Dr. Dennis Buss of Texas Instruments delivers a talk about recent achievements in ULP electronics including logic, memory, AFE, including ADC, radio and power management. He will also describe devices that harvest energy from mechanical vibration, thermal gradients, and ambient electromagnetic energy (solar & radio frequency).
Einstein's Messengers is an award-winning, 20-minute documentary on LIGO, NSF's Laser Interferometer Gravitational Wave Observatory. The video examines how LIGO is spearheading the new field of gravitational wave astronomy and opening a whole new window on the universe. It explains how LIGO's exquisitely sensitive instruments may ultimately take us farther back in time than we've ever been, catching, perhaps, the first murmurs of the universe in formation. Above all, Einstein's Messengers is a compelling, thought-provoking production about the drama of the scientific quest.
Engineering a Difference follows three teams of engineering students and professional engineers as they work with communities in Ghana, Kenya and Nicaragua to build critical infrastructure. Together, they develop a clean water supply, electricity and a bridge to help these isolated communities thrive. Here are colorful, compelling stories of how engineers make the world a better place.
GeoClimate is a developing community-based initiative that focuses on the importance of "deep time" for understanding today's climate and climate change. Earth's climate system operates on a continuum of temporal, spatial, and parametric scales. The deep-time geologic record preserves numerous examples of past climate transitions between states more extreme than those recorded in instrumental data, in historical records, or even in Quaternary archives. Critically, some of these transitions show evidence of having been abrupt--a major societal concern in light of the large changes currently occurring in atmospheric CO2 levels, which have now moved beyond the envelope of Quaternary variation, and into the realm of deep time. In this regard, an understanding of the details of large-scale transitions in deep time, and the processes involved in them, is critical to an informed assessment of future climate change.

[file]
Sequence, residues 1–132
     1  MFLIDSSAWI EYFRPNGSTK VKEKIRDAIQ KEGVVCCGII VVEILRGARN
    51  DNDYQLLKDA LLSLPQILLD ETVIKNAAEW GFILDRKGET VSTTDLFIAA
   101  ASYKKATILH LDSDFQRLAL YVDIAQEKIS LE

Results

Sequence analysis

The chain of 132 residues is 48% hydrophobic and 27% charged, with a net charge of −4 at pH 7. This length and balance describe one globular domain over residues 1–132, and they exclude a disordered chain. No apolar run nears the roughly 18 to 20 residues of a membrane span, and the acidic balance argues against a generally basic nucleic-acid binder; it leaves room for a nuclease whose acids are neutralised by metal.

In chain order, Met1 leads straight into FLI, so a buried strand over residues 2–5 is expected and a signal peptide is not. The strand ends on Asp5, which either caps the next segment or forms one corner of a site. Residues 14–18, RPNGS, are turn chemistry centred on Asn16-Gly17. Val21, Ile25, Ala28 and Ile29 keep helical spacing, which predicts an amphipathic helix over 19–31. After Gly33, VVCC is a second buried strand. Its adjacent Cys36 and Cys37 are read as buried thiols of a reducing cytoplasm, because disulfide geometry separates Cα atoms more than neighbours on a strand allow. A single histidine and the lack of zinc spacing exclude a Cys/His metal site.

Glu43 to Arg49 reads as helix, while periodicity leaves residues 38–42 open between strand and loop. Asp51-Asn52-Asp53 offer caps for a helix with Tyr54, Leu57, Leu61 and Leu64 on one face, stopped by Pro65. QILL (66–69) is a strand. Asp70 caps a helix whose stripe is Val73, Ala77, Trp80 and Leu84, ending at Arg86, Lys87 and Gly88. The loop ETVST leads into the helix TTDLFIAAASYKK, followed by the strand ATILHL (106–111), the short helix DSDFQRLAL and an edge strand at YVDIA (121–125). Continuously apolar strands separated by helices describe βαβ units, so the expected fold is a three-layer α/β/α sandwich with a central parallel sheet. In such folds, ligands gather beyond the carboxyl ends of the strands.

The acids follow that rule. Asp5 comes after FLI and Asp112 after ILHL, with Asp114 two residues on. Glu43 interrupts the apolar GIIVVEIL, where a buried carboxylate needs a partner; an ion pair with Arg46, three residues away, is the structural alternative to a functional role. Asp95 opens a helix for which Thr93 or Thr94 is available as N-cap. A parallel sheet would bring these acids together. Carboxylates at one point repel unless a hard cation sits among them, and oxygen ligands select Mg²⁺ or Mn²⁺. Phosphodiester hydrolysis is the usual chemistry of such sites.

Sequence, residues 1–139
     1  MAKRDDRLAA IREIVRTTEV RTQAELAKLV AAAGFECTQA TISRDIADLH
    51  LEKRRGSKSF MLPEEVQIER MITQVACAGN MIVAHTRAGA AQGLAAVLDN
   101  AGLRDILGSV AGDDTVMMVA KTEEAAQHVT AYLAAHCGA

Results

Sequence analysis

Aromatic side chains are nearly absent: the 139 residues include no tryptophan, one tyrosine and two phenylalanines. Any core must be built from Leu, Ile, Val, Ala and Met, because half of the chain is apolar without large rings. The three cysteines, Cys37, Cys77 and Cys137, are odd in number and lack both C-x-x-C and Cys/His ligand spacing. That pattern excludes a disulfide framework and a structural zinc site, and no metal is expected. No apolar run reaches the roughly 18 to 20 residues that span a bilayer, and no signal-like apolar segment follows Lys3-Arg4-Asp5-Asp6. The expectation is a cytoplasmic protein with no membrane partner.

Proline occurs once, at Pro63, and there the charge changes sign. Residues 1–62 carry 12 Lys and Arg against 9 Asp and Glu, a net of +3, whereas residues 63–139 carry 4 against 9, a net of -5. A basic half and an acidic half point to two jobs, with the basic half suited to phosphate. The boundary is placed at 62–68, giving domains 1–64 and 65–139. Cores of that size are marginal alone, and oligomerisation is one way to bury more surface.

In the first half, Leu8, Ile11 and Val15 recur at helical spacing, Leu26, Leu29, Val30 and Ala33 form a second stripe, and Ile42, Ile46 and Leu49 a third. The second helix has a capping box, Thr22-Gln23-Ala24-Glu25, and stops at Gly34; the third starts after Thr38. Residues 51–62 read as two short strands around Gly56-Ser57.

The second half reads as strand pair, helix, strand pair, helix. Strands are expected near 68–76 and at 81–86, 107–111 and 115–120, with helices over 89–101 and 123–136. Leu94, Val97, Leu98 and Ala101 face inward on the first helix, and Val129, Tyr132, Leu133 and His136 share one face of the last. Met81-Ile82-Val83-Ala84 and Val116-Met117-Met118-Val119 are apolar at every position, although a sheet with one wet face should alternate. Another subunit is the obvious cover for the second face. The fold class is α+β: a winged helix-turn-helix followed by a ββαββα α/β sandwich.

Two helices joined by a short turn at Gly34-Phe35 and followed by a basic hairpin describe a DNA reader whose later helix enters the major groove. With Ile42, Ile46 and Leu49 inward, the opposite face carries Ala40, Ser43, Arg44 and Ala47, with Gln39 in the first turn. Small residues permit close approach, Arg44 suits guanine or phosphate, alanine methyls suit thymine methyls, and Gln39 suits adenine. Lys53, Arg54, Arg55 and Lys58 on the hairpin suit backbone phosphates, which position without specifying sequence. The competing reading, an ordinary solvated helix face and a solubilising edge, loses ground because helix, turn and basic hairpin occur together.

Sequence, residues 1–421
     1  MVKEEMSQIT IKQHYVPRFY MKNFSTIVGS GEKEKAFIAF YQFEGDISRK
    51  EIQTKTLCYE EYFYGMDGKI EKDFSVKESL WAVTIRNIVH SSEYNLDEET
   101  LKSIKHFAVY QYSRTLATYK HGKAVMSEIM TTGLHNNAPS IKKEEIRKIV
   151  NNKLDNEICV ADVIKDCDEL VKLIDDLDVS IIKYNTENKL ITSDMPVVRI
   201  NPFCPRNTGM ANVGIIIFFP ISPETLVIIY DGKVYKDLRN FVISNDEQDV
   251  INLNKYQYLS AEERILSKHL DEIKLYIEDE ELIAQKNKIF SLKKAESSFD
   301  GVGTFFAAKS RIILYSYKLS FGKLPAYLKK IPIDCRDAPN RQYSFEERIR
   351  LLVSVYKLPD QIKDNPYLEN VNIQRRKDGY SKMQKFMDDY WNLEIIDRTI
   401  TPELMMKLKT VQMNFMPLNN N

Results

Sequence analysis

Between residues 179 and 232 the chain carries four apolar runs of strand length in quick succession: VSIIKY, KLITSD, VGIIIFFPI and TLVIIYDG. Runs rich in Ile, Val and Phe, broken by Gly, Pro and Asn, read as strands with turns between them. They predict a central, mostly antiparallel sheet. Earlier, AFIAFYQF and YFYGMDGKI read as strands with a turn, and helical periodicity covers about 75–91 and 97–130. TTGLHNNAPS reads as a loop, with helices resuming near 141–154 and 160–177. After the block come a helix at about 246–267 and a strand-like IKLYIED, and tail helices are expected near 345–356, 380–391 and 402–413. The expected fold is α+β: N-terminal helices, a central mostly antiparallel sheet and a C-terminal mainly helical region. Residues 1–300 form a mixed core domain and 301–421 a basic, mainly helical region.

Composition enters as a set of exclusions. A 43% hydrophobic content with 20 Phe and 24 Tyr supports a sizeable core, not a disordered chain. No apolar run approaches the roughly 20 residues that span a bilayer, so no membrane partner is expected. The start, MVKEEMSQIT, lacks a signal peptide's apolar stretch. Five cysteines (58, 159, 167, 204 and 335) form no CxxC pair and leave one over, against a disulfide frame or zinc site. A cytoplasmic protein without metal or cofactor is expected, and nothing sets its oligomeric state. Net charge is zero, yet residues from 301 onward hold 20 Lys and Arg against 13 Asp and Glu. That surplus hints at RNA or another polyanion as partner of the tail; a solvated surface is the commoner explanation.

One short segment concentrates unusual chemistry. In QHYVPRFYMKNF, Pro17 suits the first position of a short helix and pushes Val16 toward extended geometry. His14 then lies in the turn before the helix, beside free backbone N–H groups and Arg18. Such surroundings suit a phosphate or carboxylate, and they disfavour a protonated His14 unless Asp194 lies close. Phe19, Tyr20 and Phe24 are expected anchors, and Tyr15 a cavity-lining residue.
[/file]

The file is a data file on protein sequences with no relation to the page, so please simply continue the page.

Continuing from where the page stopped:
A panel of experts from around the world, convened at the request of the National Science Foundation, announced 14 grand challenges for engineering in the 21st century. The challenges were unveiled on Feb. 15, 2008, at the American Association for the Advancement of Science (AAAS) annual meeting in Boston.
Granular materials--like sand, rice or powdered pharmaceuticals--are everywhere, yet their behavior is poorly understood. In some ways behaving like liquids, in other ways behaving like solids, such materials have unique properties and pose unique questions to answer. From clogged coal hoppers to powdered-snow avalanches, scientists and engineers are gaining new perspective on the fundamental nature of grains. In this video, see some of the latest research into the behavior of granular materials.
You've seen the hit television crime drama, CSI: Crime Scene Investigation. Now you can play the role of crime scene investigator at this traveling exhibit, supported by a grant from NSF to the Fort Worth Museum of Science and History. You will learn scientific principles and real investigative techniques as you try to solve a crime scene mystery.